As more people recover from the novel coronavirus and seek to resume their normal activities, there’s been a lot of talk about testing for COVID-19 antibodies.
But what are antibody tests, exactly, and how do they differ from diagnostic tests for COVID-19? What do the results indicate for the people who take these tests? And what do they mean for how we should conduct ourselves during the COVID-19 pandemic?
Here are 5 things to know about the coronavirus antibody testing according to the MD Anderson Cancer Center.
What is antibody testing? and how is it different from diagnostic testing?
Diagnostic testing for COVID-19 involves looking to see whether an active virus is present — in this case, the coronavirus formally known as SARS-CoV-2. Laboratory technologists use a testing process to detect genetic material from the virus in samples swabbed from the very back of the nasal cavity. This testing is based on a common molecular testing technique: polymerase chain reaction (PCR).
By contrast, antibody testing (also called serology testing) is done with blood samples, because you’re looking for evidence of the body’s immune response to the virus.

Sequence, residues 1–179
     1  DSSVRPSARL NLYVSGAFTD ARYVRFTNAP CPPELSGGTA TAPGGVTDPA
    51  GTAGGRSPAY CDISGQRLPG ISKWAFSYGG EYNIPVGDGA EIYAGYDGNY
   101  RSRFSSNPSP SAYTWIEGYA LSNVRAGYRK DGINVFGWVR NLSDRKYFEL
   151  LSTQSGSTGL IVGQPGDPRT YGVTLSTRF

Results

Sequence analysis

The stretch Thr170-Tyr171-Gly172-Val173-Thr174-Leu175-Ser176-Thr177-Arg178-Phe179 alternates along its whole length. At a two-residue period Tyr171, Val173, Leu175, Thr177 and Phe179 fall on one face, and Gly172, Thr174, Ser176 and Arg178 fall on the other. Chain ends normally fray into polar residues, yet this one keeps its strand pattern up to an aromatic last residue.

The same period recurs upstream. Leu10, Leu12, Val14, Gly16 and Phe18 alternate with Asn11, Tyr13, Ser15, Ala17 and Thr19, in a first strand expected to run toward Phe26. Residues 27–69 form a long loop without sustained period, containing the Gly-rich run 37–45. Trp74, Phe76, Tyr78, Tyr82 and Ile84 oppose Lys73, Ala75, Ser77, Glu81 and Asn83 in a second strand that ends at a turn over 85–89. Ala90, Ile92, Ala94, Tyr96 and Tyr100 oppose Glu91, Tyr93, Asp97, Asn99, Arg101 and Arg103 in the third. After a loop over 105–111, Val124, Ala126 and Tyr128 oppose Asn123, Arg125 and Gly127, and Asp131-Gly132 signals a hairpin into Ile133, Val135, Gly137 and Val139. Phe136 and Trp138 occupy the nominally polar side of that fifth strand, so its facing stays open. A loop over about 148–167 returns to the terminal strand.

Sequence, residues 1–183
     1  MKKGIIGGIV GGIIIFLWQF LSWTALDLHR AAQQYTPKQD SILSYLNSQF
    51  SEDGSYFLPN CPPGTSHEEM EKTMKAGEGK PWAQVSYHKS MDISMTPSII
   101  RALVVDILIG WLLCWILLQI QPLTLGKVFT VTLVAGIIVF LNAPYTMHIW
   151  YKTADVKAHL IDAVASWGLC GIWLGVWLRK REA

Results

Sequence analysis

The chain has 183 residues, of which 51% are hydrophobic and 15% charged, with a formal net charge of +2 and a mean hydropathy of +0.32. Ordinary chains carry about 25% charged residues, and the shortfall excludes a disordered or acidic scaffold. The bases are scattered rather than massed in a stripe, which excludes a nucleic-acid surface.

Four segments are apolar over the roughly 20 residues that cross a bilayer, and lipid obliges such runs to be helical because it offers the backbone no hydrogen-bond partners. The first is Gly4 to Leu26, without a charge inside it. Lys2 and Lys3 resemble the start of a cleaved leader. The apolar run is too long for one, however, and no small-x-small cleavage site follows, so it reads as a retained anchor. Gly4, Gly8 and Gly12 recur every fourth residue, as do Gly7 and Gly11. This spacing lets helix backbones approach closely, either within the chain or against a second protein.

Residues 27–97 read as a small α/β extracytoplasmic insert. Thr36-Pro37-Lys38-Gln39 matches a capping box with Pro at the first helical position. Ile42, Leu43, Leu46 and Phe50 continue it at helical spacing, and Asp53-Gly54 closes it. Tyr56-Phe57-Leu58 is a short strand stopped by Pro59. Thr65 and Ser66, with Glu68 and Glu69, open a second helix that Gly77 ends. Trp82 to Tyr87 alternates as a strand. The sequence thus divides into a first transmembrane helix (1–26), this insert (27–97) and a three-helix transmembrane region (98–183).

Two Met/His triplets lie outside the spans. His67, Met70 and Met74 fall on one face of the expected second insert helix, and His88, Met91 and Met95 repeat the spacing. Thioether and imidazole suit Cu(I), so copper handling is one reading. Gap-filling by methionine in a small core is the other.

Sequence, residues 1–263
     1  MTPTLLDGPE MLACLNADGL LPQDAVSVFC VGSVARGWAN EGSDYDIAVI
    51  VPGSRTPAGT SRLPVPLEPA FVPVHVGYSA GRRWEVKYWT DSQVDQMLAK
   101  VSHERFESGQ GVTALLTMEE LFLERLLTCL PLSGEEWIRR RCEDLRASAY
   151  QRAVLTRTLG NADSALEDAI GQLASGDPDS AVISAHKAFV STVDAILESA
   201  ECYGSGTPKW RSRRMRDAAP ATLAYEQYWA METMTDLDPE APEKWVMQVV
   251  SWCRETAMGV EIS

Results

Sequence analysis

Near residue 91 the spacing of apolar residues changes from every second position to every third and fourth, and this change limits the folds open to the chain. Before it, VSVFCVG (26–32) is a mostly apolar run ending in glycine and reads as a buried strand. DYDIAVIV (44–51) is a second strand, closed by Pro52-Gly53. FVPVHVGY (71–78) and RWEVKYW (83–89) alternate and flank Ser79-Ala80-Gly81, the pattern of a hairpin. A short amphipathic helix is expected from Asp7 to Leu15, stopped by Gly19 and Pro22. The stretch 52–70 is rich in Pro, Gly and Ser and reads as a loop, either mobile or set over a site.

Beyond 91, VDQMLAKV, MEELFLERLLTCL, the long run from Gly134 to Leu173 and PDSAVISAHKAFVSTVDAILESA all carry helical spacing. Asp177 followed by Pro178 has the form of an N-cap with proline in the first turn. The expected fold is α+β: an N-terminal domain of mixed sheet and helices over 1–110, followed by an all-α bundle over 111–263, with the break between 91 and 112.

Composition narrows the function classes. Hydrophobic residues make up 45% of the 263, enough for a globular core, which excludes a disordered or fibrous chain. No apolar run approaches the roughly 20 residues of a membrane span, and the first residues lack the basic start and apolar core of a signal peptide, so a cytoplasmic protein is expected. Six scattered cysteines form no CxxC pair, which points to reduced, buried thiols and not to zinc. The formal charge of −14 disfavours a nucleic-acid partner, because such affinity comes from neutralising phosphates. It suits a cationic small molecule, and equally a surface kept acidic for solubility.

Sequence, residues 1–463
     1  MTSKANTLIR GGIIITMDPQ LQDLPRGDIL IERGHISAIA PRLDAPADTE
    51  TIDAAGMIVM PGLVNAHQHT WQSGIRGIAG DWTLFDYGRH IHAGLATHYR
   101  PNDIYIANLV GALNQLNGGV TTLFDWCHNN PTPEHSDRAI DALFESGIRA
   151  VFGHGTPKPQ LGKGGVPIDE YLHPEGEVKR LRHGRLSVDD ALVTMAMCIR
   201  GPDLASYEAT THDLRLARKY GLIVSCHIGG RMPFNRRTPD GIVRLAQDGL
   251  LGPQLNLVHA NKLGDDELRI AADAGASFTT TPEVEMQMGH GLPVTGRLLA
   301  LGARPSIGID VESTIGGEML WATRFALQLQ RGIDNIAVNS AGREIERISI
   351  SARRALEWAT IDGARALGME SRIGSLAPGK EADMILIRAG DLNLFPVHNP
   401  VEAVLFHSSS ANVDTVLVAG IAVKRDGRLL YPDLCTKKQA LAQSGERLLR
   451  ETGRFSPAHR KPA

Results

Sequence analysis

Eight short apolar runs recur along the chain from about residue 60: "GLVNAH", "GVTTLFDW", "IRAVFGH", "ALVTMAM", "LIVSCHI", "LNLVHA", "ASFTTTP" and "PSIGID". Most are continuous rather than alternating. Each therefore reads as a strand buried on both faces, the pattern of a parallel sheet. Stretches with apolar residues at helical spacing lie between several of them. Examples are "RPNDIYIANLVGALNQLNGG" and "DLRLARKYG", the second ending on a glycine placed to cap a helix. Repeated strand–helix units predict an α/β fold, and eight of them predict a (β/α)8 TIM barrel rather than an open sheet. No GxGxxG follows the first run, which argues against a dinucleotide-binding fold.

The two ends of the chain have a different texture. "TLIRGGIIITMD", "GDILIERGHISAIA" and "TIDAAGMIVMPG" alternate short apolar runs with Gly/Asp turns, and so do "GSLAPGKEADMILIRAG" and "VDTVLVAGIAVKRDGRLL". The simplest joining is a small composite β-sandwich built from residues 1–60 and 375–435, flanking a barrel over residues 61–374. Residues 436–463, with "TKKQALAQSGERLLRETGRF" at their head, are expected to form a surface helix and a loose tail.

After your body is exposed to a foreign pathogen, your white blood cells start to learn about it and make antibodies to neutralize it. So, when an antibody test comes back positive for this coronavirus, it means 1) you were exposed to SARS-CoV2 at some point in the past and 2) your immune system was robust enough to launch an antibody-forming immune response.
How long does it usually take people to generate these antibodies?
There are limited data related to antibodies against SARS-CoV2. Some reports suggest most healthy people start making antibodies 11 to 14 days after symptoms first appear.
But there are also other variables to consider, such as malnourishment, having cancer or another chronic health condition, or taking immune suppressing drugs. All of these can affect people’s ability to make antibodies.
What does a positive antibody test result mean for someone in terms of immunity?
The short answer is we don’t know.
It may mean someone has full immunity or partial immunity or no immunity at all. Some antibodies decrease over time, so you might be immune for six months to a year, and then maybe not at all later on. Or, it might be like a tetanus immunization, where if you get it once, you’re most likely immune the rest of your life. There’s just no way to give definitive answers right now.